Public to voice opinion on sex selection
Dr Kirsty Horsey
Progress Educational Trust
22 October 2002
The UK's Human Fertilisation and Embryology Authority (HFEA) will launch a consultation paper on sex selection this week. A leak has suggested that the document will ask whether choosing the sex of a baby for 'family balancing' or other purely social reasons should be allowed.
The HFEA has not denied that the paper will look at this possibility. At present, sex selection can be done during preimplantation genetic diagnosis (PGD), but is only allowed for medical reasons, such as the avoidance of a sex-linked genetic disease. But it has been reported that six British couples have travelled to America to take advantage of the pre-conception sex selection techniques offered by the Genetics and IVF Institute in Virginia.
The American clinic uses a technique known as sperm sorting in order to allow couples to try for a child of the sex they desire. This works on the premise that the chromosome that determines a baby's gender comes from sperm, and whether the sperm carries an X (female) or Y (male) chromosome affects the amount of DNA carried. On this basis, 'male' and 'female' sperm can be separated. It would not be illegal for such a clinic to operate in the UK, but none do. Nine years ago, following reports of a clinic offering gender choice in London, the HFEA conducted its first public consultation, which found that there was little public support for the practice.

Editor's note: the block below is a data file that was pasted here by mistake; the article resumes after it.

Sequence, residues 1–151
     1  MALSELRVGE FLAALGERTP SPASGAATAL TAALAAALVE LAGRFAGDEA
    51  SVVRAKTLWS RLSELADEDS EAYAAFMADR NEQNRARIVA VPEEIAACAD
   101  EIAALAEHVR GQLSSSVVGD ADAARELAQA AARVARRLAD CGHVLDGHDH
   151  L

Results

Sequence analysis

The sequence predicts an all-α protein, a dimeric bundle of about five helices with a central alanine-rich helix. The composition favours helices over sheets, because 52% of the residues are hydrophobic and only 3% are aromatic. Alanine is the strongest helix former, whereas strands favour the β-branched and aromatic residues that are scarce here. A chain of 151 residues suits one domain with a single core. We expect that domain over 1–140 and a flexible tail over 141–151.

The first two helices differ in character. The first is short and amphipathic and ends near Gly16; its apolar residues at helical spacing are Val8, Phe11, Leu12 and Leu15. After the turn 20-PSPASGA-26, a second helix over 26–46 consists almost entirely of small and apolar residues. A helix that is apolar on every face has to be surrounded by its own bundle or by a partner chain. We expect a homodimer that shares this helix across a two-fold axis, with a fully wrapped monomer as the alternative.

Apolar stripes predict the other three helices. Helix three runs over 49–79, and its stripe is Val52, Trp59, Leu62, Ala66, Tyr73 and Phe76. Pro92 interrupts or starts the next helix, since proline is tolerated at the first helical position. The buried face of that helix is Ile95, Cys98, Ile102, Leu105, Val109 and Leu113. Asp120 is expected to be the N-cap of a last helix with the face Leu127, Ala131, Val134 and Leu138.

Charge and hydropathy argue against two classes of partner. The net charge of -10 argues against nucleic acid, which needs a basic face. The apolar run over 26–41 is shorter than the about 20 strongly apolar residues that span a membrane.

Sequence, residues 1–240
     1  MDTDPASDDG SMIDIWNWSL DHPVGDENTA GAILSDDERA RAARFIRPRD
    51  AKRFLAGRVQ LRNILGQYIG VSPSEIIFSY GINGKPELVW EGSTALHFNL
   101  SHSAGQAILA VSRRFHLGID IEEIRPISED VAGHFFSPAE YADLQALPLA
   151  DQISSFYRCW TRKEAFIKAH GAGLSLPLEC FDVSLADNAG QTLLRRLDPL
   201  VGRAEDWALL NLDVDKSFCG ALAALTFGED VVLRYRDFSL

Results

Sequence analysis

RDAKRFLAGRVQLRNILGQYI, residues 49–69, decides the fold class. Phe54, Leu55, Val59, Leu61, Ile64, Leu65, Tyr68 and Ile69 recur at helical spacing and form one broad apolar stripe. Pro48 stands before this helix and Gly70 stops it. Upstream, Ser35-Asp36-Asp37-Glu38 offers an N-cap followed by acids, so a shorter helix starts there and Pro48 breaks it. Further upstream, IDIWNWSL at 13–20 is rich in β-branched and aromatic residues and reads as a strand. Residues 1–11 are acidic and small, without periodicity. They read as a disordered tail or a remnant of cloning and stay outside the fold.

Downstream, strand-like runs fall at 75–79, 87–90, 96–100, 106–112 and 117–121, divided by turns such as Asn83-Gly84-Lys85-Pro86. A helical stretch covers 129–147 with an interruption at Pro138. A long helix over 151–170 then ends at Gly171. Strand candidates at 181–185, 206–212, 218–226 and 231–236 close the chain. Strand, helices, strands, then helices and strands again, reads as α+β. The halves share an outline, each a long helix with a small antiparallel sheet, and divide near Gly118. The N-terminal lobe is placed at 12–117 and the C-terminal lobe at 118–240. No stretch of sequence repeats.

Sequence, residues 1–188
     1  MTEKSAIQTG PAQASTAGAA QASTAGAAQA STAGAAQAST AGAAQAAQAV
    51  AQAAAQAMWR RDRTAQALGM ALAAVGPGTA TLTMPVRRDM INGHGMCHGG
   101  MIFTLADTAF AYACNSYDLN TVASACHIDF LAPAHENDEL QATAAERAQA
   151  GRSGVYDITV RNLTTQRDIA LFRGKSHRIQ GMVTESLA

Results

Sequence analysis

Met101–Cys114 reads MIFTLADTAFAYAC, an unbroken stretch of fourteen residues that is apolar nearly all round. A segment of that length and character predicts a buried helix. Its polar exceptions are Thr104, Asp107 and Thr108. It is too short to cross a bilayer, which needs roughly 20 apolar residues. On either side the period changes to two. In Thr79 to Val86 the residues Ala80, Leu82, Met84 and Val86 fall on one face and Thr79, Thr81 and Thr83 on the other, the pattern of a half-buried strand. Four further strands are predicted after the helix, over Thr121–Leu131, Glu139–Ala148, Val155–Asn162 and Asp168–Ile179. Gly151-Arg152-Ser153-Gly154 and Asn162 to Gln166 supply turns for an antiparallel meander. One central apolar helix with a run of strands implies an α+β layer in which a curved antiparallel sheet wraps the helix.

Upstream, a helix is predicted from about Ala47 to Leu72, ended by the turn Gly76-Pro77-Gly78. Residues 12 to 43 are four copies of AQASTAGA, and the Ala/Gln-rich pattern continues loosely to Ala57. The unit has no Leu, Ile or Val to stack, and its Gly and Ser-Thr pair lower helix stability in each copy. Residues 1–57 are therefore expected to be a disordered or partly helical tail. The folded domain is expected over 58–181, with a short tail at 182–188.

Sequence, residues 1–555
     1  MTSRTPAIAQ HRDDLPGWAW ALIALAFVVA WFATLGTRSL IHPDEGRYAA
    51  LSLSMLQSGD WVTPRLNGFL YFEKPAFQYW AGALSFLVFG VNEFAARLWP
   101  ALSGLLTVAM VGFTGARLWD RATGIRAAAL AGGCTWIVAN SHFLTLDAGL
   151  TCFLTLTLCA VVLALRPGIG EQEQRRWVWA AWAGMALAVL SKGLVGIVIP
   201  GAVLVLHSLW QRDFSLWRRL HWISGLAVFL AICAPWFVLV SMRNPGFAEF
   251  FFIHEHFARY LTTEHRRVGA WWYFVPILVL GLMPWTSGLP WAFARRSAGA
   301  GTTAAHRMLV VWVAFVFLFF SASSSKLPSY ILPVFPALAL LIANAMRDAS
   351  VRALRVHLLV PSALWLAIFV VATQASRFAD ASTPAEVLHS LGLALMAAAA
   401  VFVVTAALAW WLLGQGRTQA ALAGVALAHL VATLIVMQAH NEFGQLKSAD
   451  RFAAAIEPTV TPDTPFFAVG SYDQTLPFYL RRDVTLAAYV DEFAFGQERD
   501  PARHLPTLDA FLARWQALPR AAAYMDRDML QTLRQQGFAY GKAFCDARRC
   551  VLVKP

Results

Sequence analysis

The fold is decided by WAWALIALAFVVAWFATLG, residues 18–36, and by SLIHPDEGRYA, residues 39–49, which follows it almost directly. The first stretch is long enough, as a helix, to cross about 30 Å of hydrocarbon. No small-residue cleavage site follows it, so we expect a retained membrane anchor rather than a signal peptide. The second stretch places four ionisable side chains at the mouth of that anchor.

These days, there may be a little more support, if the treatments were seen to be safe and the circumstances in which they could be allowed to take place were carefully controlled. Dr Simon Fischel, director of Centres for Assisted Reproduction, said that he could see no objections to sex selection for a legitimate reason such as family balancing, provided that no one sex was being 'devalued', for example, by parents being allowed to choose to have all children of one sex.
© Copyright Progress Educational Trust
Reproduced with permission from BioNews, an email and online sources of news, information and comment on assisted reproduction and genetics.
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